Nanoliter scale microbioreactor array for quantitative cell biology

Authors

  • Philip J. Lee,

    1. Department of Bioengineering, Biomolecular Nanotechnology Center, Berkeley Sensor and Actuator Center, University of California, Berkeley, 485 Evans Hall, California 94720-1762; telephone: 510-642-5855; fax: 510-642-5835
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  • Paul J. Hung,

    1. Department of Bioengineering, Biomolecular Nanotechnology Center, Berkeley Sensor and Actuator Center, University of California, Berkeley, 485 Evans Hall, California 94720-1762; telephone: 510-642-5855; fax: 510-642-5835
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  • Vivek M. Rao,

    1. Department of Bioengineering, Biomolecular Nanotechnology Center, Berkeley Sensor and Actuator Center, University of California, Berkeley, 485 Evans Hall, California 94720-1762; telephone: 510-642-5855; fax: 510-642-5835
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  • Luke P. Lee

    Corresponding author
    1. Department of Bioengineering, Biomolecular Nanotechnology Center, Berkeley Sensor and Actuator Center, University of California, Berkeley, 485 Evans Hall, California 94720-1762; telephone: 510-642-5855; fax: 510-642-5835
    • Department of Bioengineering, Biomolecular Nanotechnology Center, Berkeley Sensor and Actuator Center, University of California, Berkeley, 485 Evans Hall, California 94720-1762; telephone: 510-642-5855; fax: 510-642-5835.
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  • Philip J. Lee and Paul J. Hung contributed equally to this work.

Abstract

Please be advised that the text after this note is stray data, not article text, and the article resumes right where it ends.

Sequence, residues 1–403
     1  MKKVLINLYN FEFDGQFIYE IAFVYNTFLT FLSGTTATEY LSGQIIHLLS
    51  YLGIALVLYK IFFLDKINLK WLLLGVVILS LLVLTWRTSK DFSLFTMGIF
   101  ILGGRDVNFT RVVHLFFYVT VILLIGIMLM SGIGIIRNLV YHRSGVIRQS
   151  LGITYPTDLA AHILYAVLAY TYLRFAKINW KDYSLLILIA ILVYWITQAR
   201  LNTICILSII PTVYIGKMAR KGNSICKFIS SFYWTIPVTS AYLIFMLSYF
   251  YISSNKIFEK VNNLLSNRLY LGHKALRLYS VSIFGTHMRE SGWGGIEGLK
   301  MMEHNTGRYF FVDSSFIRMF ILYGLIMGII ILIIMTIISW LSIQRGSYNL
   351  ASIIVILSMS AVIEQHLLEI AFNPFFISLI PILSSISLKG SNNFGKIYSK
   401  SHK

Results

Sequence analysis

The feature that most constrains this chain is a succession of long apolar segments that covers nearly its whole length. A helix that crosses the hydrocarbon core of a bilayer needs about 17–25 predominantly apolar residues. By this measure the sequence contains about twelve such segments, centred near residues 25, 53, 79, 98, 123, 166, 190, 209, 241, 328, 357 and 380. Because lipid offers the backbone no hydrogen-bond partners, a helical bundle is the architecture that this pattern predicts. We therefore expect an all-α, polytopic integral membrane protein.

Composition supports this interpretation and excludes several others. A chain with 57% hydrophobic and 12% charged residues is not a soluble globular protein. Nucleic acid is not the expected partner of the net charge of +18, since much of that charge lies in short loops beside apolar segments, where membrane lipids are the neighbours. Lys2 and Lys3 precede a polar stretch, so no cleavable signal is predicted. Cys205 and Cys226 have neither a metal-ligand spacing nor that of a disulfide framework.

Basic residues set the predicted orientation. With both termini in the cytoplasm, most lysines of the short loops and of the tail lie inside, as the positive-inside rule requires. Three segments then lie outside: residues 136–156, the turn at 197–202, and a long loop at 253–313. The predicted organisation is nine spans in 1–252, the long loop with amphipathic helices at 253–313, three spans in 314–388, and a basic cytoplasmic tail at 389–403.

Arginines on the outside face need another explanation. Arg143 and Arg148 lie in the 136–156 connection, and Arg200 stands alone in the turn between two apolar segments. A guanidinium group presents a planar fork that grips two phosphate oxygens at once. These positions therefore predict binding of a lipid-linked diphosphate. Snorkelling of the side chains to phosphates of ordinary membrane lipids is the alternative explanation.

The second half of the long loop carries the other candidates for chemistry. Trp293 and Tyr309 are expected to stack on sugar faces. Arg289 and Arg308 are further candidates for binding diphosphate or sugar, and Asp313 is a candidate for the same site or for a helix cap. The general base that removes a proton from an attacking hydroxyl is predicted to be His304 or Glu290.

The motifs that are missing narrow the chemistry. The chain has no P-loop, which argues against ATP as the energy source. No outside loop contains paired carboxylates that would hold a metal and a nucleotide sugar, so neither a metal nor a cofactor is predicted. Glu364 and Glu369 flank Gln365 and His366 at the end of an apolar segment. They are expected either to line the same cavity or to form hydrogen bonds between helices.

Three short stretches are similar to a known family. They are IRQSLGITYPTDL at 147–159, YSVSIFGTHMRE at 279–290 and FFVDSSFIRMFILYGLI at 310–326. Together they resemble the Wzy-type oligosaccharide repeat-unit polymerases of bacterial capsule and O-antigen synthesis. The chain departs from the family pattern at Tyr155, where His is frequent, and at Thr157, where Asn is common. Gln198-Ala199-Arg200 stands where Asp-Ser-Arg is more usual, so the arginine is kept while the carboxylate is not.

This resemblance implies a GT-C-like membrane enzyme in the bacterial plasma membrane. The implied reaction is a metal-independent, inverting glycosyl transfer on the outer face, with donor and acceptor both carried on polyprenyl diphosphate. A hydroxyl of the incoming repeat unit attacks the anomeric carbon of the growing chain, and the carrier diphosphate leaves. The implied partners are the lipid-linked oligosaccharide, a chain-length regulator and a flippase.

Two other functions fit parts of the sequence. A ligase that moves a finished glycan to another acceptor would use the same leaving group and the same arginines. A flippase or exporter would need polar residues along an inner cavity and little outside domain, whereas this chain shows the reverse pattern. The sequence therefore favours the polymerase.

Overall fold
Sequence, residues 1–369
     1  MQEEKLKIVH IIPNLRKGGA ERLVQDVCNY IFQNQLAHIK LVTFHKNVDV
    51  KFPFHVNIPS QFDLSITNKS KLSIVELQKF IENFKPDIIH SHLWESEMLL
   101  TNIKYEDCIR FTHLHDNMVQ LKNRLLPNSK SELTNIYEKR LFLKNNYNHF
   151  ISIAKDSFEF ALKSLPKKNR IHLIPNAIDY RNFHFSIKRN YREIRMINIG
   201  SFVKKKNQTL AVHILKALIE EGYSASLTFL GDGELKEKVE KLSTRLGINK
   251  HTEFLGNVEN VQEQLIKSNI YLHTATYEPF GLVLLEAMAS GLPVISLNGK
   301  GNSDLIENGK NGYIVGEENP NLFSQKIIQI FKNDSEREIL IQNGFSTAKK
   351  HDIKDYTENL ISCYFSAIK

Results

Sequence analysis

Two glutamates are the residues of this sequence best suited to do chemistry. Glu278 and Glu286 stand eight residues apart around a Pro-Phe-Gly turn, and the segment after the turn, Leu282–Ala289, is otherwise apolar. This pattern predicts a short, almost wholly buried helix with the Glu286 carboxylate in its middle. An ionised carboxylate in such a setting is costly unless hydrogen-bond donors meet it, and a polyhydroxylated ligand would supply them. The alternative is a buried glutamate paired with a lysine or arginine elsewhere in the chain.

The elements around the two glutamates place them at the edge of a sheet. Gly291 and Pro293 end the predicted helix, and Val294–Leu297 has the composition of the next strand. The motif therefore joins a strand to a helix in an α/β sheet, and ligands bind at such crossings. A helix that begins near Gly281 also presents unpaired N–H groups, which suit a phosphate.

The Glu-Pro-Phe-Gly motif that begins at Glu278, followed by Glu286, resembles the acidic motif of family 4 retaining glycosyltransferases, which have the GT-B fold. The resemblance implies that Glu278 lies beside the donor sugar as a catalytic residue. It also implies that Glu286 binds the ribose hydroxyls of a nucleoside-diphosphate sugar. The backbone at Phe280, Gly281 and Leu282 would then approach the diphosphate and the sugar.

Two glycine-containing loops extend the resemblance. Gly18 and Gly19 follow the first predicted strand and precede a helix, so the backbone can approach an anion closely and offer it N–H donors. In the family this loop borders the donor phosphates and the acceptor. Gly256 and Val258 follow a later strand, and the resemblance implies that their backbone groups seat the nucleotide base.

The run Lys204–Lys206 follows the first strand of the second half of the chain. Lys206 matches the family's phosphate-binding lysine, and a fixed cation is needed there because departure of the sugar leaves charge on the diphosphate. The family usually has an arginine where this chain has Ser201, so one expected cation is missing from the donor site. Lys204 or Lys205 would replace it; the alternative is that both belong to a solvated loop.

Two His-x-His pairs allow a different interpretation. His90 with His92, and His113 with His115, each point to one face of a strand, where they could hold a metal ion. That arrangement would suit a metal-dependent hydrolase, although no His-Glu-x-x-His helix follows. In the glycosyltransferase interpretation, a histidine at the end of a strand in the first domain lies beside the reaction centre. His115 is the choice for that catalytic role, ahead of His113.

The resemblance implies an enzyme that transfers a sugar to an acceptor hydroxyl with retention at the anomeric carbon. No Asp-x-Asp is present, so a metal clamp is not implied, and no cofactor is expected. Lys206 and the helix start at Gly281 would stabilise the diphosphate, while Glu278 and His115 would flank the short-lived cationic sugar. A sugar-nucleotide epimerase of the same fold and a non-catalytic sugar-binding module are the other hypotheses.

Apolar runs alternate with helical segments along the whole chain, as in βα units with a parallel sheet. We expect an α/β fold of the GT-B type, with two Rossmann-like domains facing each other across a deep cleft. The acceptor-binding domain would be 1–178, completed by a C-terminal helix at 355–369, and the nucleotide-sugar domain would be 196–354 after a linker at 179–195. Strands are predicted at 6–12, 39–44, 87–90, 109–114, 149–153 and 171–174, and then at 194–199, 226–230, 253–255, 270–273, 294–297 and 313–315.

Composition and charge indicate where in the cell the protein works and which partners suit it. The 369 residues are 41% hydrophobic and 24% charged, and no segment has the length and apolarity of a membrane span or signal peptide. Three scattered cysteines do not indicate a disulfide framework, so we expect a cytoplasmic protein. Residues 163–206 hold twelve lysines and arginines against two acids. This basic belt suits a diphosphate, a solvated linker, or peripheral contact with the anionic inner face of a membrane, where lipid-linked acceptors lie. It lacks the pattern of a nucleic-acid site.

A nanoliter scale microbioreactor array was designed for multiplexed quantitative cell biology. An addressable 8 × 8 array of three nanoliter chambers was demonstrated for observing the serum response of HeLa human cancer cells in 64 parallel cultures. The individual culture unit was designed with a “C” shaped ring that effectively decoupled the central cell growth regions from the outer fluid transport channels. The chamber layout mimics physiological tissue conditions by implementing an outer channel for convective “blood” flow that feeds cells through diffusion into the low shear “interstitial” space. The 2 µm opening at the base of the “C” ring established a differential fluidic resistance up to 3 orders of magnitude greater than the fluid transport channel within a single mold microfluidic device. Three-dimensional (3D) finite element simulation were used to predict fluid transport properties based on chamber dimensions and verified experimentally. The microbioreactor array provided a continuous flow culture environment with a Peclet number (0.02) and shear stress (0.01 Pa) that approximated in vivo tissue conditions without limiting mass transport (10 s nutrient turnover). This microfluidic design overcomes the major problems encountered in multiplexing nanoliter culture environments by enabling uniform cell loading, eliminating shear, and pressure stresses on cultured cells, providing stable control of fluidic addressing, and permitting continuous on-chip optical monitoring. © 2005 Wiley Periodicals, Inc.

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